12 September 2009

Excerpts From the Diary of an Orphan in Training - Part Two

Reflections on my summer in El Salvador, continued ...


My fascination with these children, teenagers, and young men and women has only grown as the time has passed. Perhaps not knowing the personal histories that are yet to be written only intensifies their mystique. It is certainly the case that as I find myself starting to settle in and feel like this place is pretty normal, having grown accustomed to the armed guards and the razor wire (which exist not to keep the children in but the hellish insanity out), accustomed to the fact that I will have rivulets of sweat running down my back at every meal, accustomed to the faces and names that seem all the more strange because so many are just Anglo names pronounced by a Hispanic tongue—it is then that the facade of normality is shattered. Shattered, because I remember that in every single case, without exception, each resident falls into one of two categories. On the one hand, each has some traumatic memory of a personal tragedy, anything from a sudden death to the slow decay of abuse or neglect—that has irrevocably altered the course of lives by destroying a family. On the other hand, for a good many of these children, there’s simply no memory of a (regular) family at all.


It is their bodies that display this terrible uniqueness. One day, I noticed that there were just too many scars on that little girl’s face to be the consequence of clumsiness. Another, I was informed that a certain young man’s lopsided gestures are the result of a broken arm in his youth that was never properly set.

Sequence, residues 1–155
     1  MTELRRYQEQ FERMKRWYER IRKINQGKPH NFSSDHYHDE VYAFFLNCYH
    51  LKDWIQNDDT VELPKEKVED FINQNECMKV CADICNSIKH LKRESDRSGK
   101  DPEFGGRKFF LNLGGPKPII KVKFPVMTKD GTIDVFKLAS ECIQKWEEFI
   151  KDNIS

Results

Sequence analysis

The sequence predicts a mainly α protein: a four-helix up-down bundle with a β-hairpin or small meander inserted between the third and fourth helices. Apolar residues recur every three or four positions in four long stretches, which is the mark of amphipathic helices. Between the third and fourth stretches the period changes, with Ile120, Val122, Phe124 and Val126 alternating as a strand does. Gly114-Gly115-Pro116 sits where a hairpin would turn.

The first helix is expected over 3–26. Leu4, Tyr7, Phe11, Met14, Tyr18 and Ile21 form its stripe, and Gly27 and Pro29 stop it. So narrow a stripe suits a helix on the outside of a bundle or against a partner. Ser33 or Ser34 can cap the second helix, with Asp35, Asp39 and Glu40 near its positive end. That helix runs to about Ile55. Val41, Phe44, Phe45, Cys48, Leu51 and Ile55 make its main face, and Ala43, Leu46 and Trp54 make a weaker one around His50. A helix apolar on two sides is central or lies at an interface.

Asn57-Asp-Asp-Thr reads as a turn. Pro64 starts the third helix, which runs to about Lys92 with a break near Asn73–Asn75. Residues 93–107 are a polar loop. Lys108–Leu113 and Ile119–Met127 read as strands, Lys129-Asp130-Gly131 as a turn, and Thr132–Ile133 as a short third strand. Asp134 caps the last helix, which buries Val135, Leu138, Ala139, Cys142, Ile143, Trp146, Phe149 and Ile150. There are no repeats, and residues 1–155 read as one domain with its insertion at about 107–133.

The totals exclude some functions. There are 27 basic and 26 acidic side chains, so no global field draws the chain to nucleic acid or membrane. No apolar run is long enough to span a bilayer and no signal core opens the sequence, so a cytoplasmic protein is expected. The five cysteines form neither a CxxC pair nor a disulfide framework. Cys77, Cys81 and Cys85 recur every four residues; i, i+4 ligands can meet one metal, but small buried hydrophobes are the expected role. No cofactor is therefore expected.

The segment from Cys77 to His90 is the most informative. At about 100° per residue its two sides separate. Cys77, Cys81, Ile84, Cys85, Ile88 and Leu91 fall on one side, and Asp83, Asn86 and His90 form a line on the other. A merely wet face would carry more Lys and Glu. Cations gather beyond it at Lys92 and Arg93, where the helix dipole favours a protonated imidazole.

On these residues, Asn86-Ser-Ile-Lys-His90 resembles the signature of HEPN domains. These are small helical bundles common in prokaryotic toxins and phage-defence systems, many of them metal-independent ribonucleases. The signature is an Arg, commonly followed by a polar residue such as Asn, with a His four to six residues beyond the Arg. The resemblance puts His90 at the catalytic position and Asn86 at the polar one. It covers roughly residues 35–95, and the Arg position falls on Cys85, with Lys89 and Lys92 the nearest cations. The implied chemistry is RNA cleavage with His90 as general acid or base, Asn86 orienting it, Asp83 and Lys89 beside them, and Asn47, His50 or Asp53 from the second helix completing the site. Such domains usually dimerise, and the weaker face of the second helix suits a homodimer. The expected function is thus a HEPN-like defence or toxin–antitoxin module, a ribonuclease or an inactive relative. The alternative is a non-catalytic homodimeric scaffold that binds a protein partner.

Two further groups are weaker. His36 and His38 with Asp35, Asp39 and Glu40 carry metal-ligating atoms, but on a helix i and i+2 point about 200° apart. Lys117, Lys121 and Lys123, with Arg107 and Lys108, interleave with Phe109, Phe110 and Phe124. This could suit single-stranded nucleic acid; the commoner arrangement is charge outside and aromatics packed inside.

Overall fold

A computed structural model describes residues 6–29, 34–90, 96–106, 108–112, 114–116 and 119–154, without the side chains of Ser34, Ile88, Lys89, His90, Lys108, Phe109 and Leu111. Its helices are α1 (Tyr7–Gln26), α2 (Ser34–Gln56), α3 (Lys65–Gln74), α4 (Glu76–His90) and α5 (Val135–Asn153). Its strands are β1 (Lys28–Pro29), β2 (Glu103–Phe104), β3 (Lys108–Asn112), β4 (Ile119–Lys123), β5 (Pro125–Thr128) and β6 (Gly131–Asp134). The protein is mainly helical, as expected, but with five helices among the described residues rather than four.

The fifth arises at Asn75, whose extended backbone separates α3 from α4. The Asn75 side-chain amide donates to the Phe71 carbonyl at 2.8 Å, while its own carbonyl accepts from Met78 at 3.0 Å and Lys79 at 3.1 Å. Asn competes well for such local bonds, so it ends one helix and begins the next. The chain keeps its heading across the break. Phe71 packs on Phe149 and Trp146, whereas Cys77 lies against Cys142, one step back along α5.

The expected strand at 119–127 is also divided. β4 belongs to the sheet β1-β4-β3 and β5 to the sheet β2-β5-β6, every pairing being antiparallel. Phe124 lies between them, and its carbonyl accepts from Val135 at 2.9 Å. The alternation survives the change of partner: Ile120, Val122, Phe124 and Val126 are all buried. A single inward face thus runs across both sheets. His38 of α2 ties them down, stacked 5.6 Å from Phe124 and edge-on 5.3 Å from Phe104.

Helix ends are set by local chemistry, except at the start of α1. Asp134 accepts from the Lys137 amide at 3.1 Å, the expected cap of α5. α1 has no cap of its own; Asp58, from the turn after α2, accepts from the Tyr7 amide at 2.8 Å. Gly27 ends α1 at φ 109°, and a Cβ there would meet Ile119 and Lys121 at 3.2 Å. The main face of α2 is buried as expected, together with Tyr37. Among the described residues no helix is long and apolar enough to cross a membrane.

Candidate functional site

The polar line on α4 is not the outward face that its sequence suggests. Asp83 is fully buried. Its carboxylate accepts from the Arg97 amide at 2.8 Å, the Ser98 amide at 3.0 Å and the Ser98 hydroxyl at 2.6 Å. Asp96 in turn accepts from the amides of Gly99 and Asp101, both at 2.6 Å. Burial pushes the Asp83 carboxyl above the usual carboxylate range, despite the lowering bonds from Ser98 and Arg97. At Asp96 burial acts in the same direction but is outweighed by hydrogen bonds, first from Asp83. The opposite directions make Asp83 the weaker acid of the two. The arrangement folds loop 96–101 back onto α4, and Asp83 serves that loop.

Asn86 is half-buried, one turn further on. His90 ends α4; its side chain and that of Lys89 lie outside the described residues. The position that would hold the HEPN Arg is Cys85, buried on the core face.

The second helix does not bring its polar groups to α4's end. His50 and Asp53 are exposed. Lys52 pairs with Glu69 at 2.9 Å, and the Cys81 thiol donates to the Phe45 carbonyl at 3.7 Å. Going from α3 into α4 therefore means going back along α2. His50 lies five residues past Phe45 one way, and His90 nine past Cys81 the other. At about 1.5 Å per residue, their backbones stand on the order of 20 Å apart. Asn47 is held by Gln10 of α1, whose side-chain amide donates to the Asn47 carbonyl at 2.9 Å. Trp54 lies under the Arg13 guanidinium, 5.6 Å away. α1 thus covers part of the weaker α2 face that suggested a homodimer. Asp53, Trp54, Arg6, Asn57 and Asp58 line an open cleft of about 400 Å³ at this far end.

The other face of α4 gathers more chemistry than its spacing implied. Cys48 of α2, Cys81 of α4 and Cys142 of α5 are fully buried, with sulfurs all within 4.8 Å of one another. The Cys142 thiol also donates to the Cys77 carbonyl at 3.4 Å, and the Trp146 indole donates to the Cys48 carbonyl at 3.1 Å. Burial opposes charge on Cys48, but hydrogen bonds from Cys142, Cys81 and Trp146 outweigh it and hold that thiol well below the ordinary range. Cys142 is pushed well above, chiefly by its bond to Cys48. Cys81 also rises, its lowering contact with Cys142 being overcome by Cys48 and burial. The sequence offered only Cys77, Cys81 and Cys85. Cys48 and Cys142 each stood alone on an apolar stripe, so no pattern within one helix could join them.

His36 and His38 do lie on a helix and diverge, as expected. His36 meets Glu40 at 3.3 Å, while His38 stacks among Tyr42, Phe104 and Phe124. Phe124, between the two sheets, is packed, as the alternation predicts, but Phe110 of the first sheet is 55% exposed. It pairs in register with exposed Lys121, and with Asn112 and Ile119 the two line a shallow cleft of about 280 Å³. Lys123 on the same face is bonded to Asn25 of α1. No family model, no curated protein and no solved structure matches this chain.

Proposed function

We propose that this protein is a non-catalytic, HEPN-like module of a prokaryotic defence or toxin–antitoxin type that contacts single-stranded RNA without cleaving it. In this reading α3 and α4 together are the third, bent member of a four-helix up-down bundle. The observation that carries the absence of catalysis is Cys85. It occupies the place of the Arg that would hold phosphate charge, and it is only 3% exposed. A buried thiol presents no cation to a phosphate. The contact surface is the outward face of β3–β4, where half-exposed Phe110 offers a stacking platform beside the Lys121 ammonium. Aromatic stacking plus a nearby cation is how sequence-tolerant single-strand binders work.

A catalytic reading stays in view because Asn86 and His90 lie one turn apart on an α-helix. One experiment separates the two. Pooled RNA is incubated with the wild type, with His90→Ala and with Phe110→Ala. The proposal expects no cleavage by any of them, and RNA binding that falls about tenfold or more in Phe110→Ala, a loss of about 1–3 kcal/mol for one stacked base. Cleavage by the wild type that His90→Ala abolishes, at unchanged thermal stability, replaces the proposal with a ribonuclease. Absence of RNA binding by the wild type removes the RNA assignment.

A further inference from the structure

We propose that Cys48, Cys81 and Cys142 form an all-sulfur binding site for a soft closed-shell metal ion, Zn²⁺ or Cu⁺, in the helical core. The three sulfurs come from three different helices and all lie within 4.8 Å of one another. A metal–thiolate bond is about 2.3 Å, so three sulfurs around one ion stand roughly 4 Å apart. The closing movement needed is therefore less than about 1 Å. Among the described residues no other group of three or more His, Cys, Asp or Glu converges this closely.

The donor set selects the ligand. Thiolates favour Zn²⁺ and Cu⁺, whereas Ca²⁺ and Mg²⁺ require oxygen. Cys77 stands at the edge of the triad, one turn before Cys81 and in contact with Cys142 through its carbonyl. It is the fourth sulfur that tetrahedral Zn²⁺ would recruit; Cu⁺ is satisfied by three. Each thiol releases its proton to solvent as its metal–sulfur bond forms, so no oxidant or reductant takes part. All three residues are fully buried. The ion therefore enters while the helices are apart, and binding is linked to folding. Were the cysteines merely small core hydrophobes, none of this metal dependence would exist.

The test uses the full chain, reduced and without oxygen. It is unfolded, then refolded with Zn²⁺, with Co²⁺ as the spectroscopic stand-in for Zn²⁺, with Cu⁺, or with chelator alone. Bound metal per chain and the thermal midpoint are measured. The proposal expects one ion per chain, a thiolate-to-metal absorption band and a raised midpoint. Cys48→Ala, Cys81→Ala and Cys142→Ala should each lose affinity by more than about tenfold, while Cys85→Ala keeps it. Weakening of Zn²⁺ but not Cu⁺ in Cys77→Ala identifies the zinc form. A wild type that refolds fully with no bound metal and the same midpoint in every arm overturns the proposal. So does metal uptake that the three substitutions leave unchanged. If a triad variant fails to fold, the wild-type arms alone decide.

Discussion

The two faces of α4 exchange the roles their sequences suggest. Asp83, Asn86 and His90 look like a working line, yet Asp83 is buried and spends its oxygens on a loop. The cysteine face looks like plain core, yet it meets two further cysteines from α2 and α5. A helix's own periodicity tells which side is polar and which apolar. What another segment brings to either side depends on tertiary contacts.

The emotions that follow are almost never anger or pity at those who were responsible. Rather, this startling act of recollection ignites a fiery jealousy—not towards the children, but towards their caregivers and confidants, who in the natural and spontaneous growth of trust, have been admitted into this secret realm. It is then that each child, from least to greatest, infant to universitario, shimmers with mysteriousness. And even as I ask Who made them so?, the words of thanksgiving are ready on my lips. Gratitude for each one, each boy, each girl, whose unique capacity to manifest the glory of God to the world has not been lost to degradation and poverty and slavery. Yet, each light casts a shadow—and my prayer ends with a plea for those who have not found a place such as this one, whose corner is still too dark to be discovered—or who prefer the safety of a painful self-reliance to the blinding light of love.

1 comment:

mags said...

Nick!! Holy moly! Your last several posts are amazing! Such beautiful, vulnerable introspection! You make your kids so real to me! Keep up the good work! I'm so impressed and drawn in by your genuineness and assessments of things...